RIIC - Helping journalists tell better Indigenous news stories.

Searching for Solutions to “the Indian Problem”

Excessive emphasis on the Indian problem to the exclusion of positive dimensions has the effect of framing Aboriginal people as a problem people… Aboriginal peoples are not a problem but peoples whose lives are complicated by forces beyond their control.
-    Augie Fleras

How many stories about Aboriginal peoples start this way?

“The statistics paint a bleak picture of Aboriginals in Canada. Young Aboriginal males with five times the national youth suicide rate; prison population eight times the national average; diabetes and tuberculosis levels at epidemic proportions; thirty percent of the children in welfare care in Canada are Aboriginal, etc. etc. etc.”

Study after study gets released, listing these mind-numbing statistics, and journalists dutifully report them, to offer context to the shameful living conditions facing Aboriginal peoples in Canada.

Why do we repeat those statistics? Because, we witness evidence of them. Up close and personal. We travel to the reserves, full of rotten houses and lousy drinking water. We drive by Aboriginal people in the inner city, struggling with drug problems.

Credit: aaronhuey.com

Do the bleak statistics paint a full-picture of Aboriginal life in Canada? Of course not. Ill-health, lack of education and poor job prospects are not the sum total of Aboriginal experience.

However, if that’s all the media report, it’s easy to see why our viewers and readers might develop that opinion. When the media repeatedly focus on problems in Aboriginal communities, we send an underlying message to our audience: Aboriginal peoples are problem peoples.

Should a reporter pretend those troubling statistics don’t exist? Only tell stories about happy, proud, wealthy, healthy Indians? No — that’s not a true picture either. Aboriginal communities face a host of socio-economic crises, and these stories need to be told. These aren’t just numbers to Aboriginal people: they are grannies and grandpas, sisters and brothers, mothers and fathers.

Credit: Union of BC Indian Chiefs

Enter solutions-oriented journalism.

Look for Solutions

If muckraking asks “what went wrong yesterday, and who is to blame?” then future-focused journalism asks “what might go right tomorrow and who is showing the way?”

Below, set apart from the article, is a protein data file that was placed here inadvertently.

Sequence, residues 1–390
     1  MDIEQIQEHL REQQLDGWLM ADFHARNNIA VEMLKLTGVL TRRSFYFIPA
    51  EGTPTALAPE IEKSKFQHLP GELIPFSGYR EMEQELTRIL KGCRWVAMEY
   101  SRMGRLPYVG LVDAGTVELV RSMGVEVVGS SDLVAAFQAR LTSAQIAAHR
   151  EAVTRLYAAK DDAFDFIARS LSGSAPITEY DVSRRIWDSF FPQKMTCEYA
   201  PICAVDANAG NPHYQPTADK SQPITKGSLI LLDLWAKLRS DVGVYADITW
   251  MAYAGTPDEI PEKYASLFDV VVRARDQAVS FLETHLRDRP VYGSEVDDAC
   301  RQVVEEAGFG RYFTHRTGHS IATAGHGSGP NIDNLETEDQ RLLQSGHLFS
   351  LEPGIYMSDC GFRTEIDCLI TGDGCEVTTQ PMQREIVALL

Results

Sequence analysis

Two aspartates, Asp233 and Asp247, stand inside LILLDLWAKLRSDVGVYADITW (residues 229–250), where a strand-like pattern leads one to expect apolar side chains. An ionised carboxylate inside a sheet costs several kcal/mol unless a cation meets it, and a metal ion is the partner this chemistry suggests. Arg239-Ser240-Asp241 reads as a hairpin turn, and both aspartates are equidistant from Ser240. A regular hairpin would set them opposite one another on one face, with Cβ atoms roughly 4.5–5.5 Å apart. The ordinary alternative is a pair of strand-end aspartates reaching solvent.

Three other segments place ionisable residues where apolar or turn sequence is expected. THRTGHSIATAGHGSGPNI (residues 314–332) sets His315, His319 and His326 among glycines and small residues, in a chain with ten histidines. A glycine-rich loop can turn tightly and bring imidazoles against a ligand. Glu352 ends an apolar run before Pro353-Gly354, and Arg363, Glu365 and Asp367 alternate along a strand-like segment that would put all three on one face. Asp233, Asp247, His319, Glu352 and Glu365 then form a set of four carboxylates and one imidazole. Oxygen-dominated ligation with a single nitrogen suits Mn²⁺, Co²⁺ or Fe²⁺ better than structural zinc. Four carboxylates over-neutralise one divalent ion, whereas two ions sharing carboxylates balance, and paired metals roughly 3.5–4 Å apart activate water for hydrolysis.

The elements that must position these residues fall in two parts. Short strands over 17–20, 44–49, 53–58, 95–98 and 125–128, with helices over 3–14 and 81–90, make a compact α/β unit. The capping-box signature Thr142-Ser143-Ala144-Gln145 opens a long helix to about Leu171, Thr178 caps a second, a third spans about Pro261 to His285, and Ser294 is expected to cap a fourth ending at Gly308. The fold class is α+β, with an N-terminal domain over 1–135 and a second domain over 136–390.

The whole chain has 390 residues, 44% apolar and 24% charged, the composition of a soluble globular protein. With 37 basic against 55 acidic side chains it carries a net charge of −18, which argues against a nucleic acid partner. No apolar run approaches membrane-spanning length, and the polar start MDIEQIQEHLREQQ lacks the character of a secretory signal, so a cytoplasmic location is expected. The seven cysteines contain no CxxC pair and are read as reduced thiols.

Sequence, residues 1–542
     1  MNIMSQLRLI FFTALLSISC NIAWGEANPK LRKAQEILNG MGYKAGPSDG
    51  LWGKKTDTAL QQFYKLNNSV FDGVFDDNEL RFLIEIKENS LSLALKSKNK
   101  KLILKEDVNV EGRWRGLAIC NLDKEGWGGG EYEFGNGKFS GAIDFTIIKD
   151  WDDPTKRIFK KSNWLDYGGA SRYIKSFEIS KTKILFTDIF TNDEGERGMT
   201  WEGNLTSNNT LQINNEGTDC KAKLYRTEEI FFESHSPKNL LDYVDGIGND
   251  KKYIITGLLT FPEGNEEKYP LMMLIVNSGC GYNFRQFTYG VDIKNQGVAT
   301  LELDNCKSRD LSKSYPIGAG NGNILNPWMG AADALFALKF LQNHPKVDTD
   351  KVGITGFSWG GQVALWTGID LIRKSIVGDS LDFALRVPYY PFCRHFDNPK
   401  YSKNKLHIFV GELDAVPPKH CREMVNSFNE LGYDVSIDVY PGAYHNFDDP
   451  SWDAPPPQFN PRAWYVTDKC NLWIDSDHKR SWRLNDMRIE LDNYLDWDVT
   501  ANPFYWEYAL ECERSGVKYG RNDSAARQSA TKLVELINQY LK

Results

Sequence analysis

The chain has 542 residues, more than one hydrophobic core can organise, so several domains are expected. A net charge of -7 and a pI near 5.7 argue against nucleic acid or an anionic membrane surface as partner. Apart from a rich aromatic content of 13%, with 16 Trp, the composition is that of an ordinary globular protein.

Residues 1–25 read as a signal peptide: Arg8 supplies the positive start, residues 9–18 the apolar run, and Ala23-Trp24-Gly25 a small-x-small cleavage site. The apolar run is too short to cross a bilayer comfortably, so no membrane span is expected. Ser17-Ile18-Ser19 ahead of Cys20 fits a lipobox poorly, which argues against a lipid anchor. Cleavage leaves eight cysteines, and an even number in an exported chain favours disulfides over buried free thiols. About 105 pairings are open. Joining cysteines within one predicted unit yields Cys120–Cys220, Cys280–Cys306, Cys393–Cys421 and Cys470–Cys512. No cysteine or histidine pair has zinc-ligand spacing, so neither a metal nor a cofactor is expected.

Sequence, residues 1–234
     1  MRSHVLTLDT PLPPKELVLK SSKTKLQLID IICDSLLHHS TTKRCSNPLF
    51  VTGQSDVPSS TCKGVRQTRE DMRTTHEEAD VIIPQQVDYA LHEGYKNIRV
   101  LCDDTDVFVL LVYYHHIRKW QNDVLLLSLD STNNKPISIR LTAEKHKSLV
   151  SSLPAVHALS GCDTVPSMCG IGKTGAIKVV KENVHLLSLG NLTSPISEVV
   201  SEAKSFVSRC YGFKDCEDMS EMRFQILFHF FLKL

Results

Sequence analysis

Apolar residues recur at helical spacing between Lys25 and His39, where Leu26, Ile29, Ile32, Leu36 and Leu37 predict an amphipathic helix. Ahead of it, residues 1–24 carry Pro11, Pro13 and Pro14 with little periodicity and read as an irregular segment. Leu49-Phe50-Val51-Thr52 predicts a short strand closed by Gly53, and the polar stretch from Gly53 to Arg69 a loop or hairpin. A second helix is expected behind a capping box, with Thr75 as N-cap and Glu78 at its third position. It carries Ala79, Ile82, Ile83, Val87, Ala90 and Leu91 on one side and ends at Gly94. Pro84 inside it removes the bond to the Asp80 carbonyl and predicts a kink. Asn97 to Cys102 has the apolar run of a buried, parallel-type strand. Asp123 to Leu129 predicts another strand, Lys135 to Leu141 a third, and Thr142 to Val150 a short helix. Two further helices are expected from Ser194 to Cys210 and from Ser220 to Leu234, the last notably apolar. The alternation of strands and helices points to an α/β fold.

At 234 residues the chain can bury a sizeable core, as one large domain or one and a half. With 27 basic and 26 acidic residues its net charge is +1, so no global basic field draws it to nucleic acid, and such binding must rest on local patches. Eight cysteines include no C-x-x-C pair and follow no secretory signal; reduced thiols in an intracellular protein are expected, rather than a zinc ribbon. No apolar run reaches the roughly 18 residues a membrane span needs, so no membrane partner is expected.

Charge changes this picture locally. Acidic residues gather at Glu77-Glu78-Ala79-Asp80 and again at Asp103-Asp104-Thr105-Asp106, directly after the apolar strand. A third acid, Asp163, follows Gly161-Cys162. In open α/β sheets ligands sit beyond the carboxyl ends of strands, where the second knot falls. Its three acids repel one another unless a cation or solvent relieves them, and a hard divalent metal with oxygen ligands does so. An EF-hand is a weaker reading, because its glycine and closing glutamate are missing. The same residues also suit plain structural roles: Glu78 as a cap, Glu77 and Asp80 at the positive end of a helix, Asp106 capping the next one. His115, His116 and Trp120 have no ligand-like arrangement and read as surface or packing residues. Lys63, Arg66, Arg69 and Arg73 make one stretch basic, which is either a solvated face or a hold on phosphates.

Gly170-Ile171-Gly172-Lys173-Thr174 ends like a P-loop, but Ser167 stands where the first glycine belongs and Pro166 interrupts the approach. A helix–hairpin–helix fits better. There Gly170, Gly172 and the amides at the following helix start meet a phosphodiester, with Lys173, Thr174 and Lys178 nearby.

David Beers

Solutions-oriented journalism, future-focused journalism, development journalism, catalytic journalism. Call it what you like. The key tenet of this approach is for journalists to look for constructive, solution-oriented activities, that inform, intrigue, and inspire an audience.

Because, for every problem faced by an Aboriginal community, there’s likely an Indigenous community somewhere out there (in the province, the country or in other countries) that’s working toward — or has found — a way to resolve that challenge.

Journalists, with our expertise in research and communication, are well equipped to share and promote possible alternatives, by reporting firsthand on experiments, sharing data, and involving audiences in dialogue and debate.

Credit: urbanrez.ca

Old-school journalists may poo-poo this approach, calling it “advocacy journalism.” But is it advocacy – to look for common interests shared by Aboriginal peoples and the rest of Canada?

Instead of creating a sense of desolation and despair about Aboriginal communities, solutions-oriented journalism can give viewers and readers a sense of hope. As David Beers, the founder of a solutions-oriented online news publication called The Tyee, says, “when editors do green-light those stories, the results allow citizens to imagine and debate alternative futures, and to mobilize support for the versions they support.”

Reporting solutions, rather than problems, is complicated. Solutions are rarely simple, and rarely happen during a 24-hour news cycle. In short, you may need more time. But fight for that time, by telling your senior editor or producer your story is going to make a difference.

Aboriginal People As Problem Solvers

I want to get rid of the Indian Problem…
– Duncan Campbell Scott, Deputy Supt. Of Indian Affairs, 1920

Oh, the “Indian problem.” Entire departments of missionaries, Mounties and Indian agents (not to mention, many an editorial writer) have asked, “Why won’t those Indians behave like whitemen?”

Politicians and bureaucrats designed legislation and policy, particularly the Indian Act, with the express purpose of fixing the “Indian problem” by assimilating Indians. The Indian Act effectively treats Aboriginal peoples as children or wards of the state, incapable of taking on the responsibilities of the “white” world.

Always ask: what are Aboriginal people themselves doing to try to solve the problem?

The Indian Act condemned generations of Aboriginal peoples to a state of dependence.

Today, Aboriginal and non-Aboriginal people alike decry that culture of dependence. That’s why it’s critical to go beyond government officials and non-Aboriginal experts when reporting on Aboriginal issues.

Always ask: what are Aboriginal people themselves doing to try to solve the problem?

Maybe they don’t believe there’s a problem. That’s important to know. Perhaps they believe there’s a problem, but they’re doing nothing. Or, maybe they’re demanding the government fix their problem.

Credit: urbanrez.ca

But, in many cases, Aboriginal people are working toward solutions, or Aboriginal people in a different community are trying to tackle similar challenges.

Ask Aboriginal leaders what steps they’re taking to solve their community’s problems. Ask community members what they think the solutions might be. If your story includes Aboriginal people as problem solvers, you’ll be helping transform Aboriginal-as-victim narratives into stories of self-reliance and self-determination.